And it really does work. I tried doing that self-imposed challenge once, you know, the one where you never use any Pokéballs and you only ever battle with your starter? I quit in disgust because it was easier than a regular game. The worst part is you don't even have to level grind. If you only ever use one Pokémon, it gets 100% of the experience in every encounter. It just naturally zooms up the charts, and there's nothing you can do about it unless you deliberately sabotage it by running from every random encounter. Every additional Pokémon you train is sucking XP away from what would otherwise be a juggernaut; by diversifying your team, you're actually handicapping yourself.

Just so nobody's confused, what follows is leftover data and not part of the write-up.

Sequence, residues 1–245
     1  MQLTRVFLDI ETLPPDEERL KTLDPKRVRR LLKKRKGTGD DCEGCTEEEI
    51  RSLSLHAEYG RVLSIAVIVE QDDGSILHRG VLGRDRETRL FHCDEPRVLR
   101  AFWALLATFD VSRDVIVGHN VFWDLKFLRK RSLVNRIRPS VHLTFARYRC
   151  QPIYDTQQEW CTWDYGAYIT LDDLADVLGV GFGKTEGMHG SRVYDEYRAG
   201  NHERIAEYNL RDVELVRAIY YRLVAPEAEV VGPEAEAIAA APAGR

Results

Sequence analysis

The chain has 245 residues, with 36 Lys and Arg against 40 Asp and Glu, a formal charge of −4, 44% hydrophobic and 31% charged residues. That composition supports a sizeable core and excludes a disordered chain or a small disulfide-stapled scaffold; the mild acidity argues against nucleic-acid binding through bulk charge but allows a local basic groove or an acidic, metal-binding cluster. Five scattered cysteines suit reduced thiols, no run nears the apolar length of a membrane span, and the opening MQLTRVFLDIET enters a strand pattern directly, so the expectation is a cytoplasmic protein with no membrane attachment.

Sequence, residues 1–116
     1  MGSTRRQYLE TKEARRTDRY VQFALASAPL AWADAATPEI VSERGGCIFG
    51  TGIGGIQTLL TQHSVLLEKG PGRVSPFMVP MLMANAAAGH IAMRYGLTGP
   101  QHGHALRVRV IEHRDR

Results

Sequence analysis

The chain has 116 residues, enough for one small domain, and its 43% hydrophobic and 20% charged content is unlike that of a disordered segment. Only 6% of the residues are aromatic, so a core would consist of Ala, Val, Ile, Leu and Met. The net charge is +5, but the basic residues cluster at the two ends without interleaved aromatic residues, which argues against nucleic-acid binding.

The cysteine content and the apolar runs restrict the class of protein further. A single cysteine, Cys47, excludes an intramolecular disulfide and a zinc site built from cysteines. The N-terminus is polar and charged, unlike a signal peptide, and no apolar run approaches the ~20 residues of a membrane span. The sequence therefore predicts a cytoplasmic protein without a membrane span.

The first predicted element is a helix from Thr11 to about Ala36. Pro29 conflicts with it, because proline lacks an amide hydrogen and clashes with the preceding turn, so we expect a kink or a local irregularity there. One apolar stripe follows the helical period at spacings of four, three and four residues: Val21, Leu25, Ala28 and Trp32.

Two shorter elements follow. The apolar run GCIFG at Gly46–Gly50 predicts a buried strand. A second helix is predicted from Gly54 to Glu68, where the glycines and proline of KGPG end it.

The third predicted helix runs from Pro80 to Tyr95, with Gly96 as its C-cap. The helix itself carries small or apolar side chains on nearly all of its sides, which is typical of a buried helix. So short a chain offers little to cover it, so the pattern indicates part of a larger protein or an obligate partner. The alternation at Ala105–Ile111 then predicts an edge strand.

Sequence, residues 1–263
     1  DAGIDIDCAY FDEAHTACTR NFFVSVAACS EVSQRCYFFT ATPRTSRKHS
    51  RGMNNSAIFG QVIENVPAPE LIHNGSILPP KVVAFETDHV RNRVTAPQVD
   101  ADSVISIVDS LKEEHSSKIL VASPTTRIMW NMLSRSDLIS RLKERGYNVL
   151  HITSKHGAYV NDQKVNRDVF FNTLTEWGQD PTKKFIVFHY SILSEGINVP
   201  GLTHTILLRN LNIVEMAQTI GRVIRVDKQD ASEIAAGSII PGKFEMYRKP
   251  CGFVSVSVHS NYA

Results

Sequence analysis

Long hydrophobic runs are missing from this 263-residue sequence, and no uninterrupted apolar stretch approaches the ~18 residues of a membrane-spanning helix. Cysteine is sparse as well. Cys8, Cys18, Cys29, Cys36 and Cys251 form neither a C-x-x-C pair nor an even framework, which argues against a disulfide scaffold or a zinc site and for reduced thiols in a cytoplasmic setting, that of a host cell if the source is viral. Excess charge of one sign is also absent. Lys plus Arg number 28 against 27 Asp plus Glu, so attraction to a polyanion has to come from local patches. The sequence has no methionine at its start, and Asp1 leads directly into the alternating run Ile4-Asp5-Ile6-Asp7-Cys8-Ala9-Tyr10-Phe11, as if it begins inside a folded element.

Okay, so playing with a full team isn't the optimal strategy, but at least it's possible, right? No. Because you have no choice. You have to play through the beginning of the game with your starter. The only Pokémon you can catch early on are crappy Rattata and Pidgey and Caterpie clones that god knows you don't want to bring all the way through the end of the game. And by the time you have enough options, it's too late--all the enemy trainers have Pokémon that are way stronger than the ones you can catch in the wild. The only way to get any use out of a newly-caught Pokémon is to take it into the tall grass and grind its level up just so that it can be on the same level as the powerhouse starter that you already have.